Engine cowling

Because of the fuselage modifications, a new engine cowling had to be scratchbuilt and this was done by means of the classic male-female method. The male mould was carved from an old Revell Sopwith Triplane cowling, filled with Milliput. The frontal opening and the cooling vents were done with a modelling drill. Note that Macchi-built Hanriots usually did not carry the port vent.

Pre-painting operations

After fuselage halves were glued together, the extreme tail was cut off, to be later replaced by stretched sprue items, and some external details were added, such as inspection panels (0.1mm sheet styrene), cockpit coaming, the oil tank and a new headrest fairing, as the kit's offering was too short. Turtledeck ribbing was also added, following the same method employed for wing ribbing but using decal strips instead of heat-stretched plasticard strips, as I wished to keep ribbing minimal in this area. The fuselage was made deeper by adding a section of 0.5 mm plastic card to its bottom. This gave the opportunity to get sharper lower fuselage edges, by means of filling the gap between the rounded kit edges and the new plasticard bottom. A light coat of grey enamel helped judging imperfections. Finally, the whole complex was finished up with very fine wet'n dry paper and washed with cold water.


I chose H.d.1 6239, one of the aeroplanes flown by Ten. Silvio Scaroni. Contemporary pictures suggest that this machine departed from the usual Macchi factory colour schemes in having clear doped lower wings. Scaroni's personal marking was a white square with a black outline and this was painted on fuselage sides, as well as the fin and horizontal tailplanes. The model was painted by means of the new Mister Kit acrylic WW1 Italian colours. Although I was an enamel devotee, I must confess those water based paints are better, providing you thin them down with no more than 15% distilled water. After painting, the model received weathering: pictures at my disposal show that the original machine was not exactly a clean one, so I decided to go for a little more weathering than usual with this model.


Roundels came from the Pegasus sheet for Italian aircraft. Unfortunately, the sheet does not include the perfect Hd.1 fuselage roundel, so I had to be content with a slightly smaller one. Squares were cut from solid black and white decal sheets, the white squares being kept smaller to get the black outline. Red and green areas under the wings were obtained by means of decal film painted in the required colours. The Squadriglia numbers were painted by spraying white enamel over clear decal sheet through suitable masks. The latter were were hand carved from 0.3mm sheet styrene: results are not perfect perhaps, but acceptable, at least in my view.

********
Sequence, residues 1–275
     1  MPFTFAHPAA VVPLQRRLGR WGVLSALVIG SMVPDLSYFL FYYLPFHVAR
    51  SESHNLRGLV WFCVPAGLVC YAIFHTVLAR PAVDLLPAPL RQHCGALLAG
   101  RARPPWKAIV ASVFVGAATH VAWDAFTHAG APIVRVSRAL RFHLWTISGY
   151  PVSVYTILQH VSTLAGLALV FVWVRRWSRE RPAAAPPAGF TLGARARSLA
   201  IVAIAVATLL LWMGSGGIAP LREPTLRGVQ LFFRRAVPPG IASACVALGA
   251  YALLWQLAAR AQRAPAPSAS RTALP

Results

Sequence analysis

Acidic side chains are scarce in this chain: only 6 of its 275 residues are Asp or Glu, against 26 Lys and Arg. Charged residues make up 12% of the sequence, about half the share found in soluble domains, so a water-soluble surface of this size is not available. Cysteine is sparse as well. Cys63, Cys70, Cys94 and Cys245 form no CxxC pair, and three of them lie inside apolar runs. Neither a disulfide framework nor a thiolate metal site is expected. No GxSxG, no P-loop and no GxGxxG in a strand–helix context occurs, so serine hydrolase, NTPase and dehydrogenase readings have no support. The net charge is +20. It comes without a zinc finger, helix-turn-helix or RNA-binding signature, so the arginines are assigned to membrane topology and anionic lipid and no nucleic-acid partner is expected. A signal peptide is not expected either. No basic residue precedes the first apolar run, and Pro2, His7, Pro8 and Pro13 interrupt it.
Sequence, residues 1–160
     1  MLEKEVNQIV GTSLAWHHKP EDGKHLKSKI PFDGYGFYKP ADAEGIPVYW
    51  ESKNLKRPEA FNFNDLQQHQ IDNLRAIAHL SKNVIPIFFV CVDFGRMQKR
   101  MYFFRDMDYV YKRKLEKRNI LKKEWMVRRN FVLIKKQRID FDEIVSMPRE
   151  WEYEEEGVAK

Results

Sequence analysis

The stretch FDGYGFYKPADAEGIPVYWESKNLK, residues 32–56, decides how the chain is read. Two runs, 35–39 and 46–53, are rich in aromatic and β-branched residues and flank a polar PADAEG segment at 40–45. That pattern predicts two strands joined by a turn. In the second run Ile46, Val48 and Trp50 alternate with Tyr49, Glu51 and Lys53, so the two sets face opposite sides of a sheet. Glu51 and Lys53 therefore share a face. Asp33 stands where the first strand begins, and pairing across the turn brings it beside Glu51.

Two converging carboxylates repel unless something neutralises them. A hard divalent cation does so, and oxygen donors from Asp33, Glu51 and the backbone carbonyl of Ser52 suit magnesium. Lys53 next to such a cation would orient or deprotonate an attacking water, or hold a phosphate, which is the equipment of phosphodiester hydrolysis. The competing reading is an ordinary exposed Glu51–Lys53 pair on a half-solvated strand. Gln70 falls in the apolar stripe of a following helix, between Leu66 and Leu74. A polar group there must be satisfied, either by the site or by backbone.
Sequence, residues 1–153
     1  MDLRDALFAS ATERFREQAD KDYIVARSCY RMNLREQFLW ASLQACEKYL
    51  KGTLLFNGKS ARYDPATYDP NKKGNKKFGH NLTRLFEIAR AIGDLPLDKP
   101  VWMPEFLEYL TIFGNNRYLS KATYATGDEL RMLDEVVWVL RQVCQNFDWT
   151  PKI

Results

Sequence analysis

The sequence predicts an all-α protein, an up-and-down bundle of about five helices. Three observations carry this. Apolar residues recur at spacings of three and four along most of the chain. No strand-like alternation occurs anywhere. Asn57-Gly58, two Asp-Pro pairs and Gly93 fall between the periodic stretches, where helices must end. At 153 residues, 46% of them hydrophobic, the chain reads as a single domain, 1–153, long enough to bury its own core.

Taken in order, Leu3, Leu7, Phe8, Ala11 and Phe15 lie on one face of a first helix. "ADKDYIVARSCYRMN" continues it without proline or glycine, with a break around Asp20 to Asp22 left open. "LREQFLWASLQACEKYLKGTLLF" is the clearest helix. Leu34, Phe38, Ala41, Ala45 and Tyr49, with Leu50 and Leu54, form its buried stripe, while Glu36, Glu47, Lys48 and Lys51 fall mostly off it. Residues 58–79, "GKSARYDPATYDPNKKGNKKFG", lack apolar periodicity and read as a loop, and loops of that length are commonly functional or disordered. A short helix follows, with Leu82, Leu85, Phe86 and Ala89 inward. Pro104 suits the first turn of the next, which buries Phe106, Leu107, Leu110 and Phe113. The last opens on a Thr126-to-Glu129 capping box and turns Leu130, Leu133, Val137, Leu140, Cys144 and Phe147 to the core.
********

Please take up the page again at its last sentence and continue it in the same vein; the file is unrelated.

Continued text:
Last details

After painting and decalling, the main parts were assembled and small details were added. Interplane struts were carved from cocktail sticks, while undercarriage and fuselage struts were cut from heat-stretched plastic extruded lengths, to get very thin, aerofoil sectioned items. Wheels are from the Aeroclub catalogue, while the airscrew is a modified real laminated wood Sopwith Camel propeller by Martin Digmayer. The engine is again from the Aeroclub catalogue, with an improved front plate. Rigging is 0.065mm stainless steel wire, fixed with white glue. The wire was exposed to a candle flame to straighten it out and to turn its bright colour to dark steel.


All in all, an enjoyable project, albeit time consuming and, on occasions, not a very simple one for me, as it was my first vacuum-formed kit. I believe that the kit's softer plastic and reduced thicknesses made some jobs a lot easier !